While some may assume that Millennial parents are all about doing their back-to-school shopping online, that is not the case according to a new study by Citi Retail Services, finding that 65% think shopping in brick-and-mortar stores is a better way to stay on their budget, when compared to cyber shopping.
This year nearly three-quarters (72%) will be doing the bulk of their shopping in actual stores, and when it comes to back to school shopping what their kids think is important. In the study, 91% of Millennial parents indicated that they outdo their own parents when it comes to taking what their child wants into consideration before making a purchase. “More Millennials are entering parenthood, which is having a profound impact on retailers,” said Leslie McNamara, managing director and EVP of Business and Market Development for Citi Retail Services.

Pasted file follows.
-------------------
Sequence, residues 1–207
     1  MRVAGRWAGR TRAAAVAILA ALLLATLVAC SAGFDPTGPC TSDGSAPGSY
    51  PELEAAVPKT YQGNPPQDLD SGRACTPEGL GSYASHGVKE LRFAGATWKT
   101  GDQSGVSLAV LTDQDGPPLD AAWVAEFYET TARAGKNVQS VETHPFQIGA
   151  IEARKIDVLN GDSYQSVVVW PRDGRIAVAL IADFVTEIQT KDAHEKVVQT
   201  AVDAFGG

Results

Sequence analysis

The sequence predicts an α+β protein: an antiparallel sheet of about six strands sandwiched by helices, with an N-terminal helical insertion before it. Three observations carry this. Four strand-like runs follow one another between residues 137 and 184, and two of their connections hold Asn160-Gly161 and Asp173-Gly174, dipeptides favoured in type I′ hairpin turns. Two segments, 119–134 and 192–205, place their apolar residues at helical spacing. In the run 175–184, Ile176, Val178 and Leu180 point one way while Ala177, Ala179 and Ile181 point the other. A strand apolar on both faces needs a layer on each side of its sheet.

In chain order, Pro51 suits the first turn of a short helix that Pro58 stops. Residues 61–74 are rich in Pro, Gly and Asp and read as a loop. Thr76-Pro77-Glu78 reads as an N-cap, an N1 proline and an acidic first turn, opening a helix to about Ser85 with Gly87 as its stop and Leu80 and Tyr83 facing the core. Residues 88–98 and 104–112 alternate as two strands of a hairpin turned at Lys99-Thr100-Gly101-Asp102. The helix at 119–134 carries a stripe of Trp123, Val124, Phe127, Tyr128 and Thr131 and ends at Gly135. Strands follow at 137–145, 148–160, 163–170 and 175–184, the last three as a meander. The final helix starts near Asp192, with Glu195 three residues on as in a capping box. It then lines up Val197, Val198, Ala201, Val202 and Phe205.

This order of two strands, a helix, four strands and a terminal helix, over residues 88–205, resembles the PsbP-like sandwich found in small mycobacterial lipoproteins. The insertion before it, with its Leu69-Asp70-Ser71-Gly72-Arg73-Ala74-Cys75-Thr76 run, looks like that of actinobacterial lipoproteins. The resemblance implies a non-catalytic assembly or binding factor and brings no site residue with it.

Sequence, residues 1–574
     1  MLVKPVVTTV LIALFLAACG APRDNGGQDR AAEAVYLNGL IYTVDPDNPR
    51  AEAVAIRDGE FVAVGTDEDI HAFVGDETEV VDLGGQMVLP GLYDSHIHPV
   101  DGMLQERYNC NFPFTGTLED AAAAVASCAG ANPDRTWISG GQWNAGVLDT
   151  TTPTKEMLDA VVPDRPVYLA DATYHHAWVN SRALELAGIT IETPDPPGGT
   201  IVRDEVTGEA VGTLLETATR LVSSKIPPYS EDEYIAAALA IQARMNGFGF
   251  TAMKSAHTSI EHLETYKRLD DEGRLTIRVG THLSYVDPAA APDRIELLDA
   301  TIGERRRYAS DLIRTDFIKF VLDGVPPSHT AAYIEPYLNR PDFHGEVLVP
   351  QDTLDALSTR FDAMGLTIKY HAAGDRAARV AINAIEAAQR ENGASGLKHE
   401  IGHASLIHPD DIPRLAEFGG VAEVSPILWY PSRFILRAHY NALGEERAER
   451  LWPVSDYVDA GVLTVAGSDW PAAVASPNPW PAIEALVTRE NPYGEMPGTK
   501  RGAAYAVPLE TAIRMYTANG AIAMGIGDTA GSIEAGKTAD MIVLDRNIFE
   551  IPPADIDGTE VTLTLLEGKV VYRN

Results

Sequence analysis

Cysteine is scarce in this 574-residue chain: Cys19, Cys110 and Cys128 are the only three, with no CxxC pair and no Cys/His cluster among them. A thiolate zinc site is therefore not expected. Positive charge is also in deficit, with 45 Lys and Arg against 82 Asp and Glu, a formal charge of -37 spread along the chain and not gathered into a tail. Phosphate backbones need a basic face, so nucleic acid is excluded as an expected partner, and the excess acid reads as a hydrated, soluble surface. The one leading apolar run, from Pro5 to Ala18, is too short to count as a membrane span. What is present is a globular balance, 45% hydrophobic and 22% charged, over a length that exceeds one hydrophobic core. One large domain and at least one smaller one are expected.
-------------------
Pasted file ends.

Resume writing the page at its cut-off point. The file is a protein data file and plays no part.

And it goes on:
“These parents place tremendous value on their children’s opinions when shopping and are not as swayed by brand on big ticket items like electronics. Retailers can incorporate this into their approach when marketing to Millennials, whose habits may defy generalizations as they enter the next stage of their lives,” she said.
While staying on their budget is a key reason for heading to actual stores, Millennial parents do have some other reasons for shopping in brick-and-mortar stores, including:
- Trying on clothing and trying out electronics (63%)
- Seeing what their child likes and including them in the process (60%)
- Having an easy way to compare items (48%)
- Finding better bargains and deals (43%)
Back to school season is extended
They found in the survey that Millennial parents see back-to-school shopping as an ongoing process and not a time limited event, with nine out of ten expecting to pick up some gear after the first day of school.
In fact, on average 27% expect that to happen, and they believe they will be picking up odds and ends until about a month after school has started.
And Millennial parents are actually fine with this, believing that it will help them stay on their budget (60%), save them money (41%) and give their child a chance to check out what other kids have bought (30%).